“Paces” is a special curriculum developed for the children of American missionaries overseas. Since they were originally for missionary children, their first name was “maces.”  There are schools of Tomorrow all over America and Canada, and S. Koreans have decided they like the materials too, and are opening up school using the Paces.  In most schools, all the students have to study on the same level in the same classroom, but with Paces, the curriculum is individually based, and the students study individually on their levels and never have any gaps in their knowledge.  I have watched a video about this system and seen kids who have been through it, and it is a very good system.  For each book, the students must also memorize a scripture. The teachers in these schools have to be specially trained in the use of the system because it is different from the traditional system.
My daughter taught at a private Christian school at one of the Christian radio stations that was taught all in English. However, the high school students who graduate from there have to take the Korean GED. Most of the kids’ parents’ plan on them going to college in America. The curriculum is called “Paces” from the School of Tomorrow, if you have heard of it. The School of Tomorrow grants them a diploma, and it is recognized in America, but for Korea, it isn’t. That is why they had to take the Korean GED. The school was made up of children whose parents wanted to raise them speaking English.pexels-photo-710743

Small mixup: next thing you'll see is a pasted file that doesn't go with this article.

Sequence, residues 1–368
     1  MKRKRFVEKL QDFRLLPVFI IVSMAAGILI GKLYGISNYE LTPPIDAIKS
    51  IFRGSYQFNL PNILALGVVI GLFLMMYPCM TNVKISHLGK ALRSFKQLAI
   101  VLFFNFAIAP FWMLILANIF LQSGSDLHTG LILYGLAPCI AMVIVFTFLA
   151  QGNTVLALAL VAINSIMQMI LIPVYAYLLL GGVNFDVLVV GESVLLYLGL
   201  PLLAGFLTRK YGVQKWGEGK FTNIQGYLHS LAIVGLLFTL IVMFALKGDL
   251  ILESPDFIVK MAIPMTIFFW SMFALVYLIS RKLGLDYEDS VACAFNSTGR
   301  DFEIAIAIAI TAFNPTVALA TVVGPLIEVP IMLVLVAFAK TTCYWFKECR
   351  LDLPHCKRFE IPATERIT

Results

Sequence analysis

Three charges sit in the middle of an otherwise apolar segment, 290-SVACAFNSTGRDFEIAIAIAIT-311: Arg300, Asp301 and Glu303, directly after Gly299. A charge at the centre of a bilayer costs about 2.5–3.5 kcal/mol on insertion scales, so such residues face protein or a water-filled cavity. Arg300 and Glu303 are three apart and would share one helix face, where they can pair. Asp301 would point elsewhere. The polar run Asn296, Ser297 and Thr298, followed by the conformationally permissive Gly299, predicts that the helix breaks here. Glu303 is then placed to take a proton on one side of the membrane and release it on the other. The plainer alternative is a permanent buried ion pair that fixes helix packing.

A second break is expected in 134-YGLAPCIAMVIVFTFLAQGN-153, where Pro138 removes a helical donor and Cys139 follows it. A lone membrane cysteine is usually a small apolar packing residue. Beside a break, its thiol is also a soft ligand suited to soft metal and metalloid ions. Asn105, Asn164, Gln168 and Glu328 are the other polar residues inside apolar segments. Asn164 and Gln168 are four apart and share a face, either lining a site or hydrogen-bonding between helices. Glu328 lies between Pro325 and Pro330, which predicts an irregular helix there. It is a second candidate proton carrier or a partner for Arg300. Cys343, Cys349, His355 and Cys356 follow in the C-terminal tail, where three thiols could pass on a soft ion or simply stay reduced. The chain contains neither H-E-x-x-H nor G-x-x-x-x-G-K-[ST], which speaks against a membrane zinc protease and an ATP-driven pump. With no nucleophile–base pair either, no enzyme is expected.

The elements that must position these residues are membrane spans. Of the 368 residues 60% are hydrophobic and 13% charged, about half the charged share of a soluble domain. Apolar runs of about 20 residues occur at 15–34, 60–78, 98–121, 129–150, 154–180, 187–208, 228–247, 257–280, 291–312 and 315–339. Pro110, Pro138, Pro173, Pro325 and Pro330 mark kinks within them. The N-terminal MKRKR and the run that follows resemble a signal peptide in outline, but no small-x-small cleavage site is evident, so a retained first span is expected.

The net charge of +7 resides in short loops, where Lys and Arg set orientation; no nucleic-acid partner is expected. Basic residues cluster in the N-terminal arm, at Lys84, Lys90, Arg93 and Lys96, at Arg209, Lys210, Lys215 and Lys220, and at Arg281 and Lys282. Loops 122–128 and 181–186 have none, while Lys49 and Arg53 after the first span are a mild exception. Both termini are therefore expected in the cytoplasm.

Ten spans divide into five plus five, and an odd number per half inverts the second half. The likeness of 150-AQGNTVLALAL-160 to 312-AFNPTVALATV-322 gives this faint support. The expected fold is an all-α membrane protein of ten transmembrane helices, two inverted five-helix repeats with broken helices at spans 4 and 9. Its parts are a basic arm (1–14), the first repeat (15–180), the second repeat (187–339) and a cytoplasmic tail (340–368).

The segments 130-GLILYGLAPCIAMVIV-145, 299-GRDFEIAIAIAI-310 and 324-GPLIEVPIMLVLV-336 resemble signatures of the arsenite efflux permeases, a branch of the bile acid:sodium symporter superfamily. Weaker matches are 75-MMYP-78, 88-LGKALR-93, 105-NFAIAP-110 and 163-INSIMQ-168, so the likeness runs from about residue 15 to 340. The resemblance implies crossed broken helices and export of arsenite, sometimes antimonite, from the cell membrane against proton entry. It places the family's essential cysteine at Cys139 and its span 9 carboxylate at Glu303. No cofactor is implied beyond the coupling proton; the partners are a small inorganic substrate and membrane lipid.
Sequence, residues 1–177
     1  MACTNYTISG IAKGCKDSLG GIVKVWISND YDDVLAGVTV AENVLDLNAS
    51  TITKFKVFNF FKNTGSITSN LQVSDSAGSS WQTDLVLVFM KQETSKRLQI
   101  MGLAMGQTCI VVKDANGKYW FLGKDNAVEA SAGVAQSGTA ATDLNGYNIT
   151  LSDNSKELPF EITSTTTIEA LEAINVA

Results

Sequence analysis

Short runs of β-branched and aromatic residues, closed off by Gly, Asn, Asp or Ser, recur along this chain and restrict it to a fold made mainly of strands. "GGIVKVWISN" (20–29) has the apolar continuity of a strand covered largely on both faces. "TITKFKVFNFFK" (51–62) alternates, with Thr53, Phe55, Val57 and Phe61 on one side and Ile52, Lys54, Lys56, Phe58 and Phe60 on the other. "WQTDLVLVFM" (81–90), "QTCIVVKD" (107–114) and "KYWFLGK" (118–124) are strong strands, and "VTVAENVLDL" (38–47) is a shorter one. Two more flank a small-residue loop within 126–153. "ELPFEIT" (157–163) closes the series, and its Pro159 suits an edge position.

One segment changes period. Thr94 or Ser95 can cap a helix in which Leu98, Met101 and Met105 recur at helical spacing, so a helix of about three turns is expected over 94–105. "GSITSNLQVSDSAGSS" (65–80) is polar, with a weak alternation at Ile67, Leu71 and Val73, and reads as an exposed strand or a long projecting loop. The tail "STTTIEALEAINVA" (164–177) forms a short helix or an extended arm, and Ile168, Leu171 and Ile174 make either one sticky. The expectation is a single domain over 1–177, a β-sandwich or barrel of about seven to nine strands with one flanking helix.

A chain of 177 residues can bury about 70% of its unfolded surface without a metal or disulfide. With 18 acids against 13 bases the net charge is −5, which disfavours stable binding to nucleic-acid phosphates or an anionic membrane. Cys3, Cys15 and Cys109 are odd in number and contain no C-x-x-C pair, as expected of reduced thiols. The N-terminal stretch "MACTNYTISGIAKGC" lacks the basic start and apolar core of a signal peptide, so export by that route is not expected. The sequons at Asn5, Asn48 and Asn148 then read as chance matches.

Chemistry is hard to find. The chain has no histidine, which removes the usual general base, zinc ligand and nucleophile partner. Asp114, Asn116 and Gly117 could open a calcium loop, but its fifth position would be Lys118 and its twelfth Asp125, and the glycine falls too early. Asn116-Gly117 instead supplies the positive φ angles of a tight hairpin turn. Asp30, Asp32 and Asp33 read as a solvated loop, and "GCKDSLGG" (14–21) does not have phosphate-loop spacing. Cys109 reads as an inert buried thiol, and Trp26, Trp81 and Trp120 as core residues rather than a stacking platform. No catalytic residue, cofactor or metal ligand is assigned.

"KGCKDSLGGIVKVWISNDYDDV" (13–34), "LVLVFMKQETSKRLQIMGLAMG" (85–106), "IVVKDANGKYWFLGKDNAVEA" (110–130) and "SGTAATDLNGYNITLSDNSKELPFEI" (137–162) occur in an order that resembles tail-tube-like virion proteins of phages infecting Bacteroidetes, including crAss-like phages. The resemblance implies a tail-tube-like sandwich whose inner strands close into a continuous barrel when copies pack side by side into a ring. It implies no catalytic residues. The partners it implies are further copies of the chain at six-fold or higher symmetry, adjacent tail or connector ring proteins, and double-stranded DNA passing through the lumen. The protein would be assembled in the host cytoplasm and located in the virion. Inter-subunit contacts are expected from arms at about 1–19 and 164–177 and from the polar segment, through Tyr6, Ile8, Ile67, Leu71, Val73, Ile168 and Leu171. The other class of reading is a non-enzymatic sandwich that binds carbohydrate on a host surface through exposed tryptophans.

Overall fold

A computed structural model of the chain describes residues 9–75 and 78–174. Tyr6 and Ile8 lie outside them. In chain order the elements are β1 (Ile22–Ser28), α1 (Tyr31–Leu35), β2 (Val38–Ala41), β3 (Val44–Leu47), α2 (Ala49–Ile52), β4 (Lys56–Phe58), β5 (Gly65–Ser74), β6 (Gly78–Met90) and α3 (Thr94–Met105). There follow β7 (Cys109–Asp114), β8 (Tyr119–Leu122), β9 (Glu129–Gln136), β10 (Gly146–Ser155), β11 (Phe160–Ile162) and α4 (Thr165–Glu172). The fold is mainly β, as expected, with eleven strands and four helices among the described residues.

You can find English speakers in special schools, but no classes are taught in English in the public high schools. All the Korean parents want their kids to speak English because it is good for their future, but only some of them can afford the hogans and the private schools. Most Korean teenagers don’t speak English, but if they have been to a hogwan or one of these other places, they will be speaking English.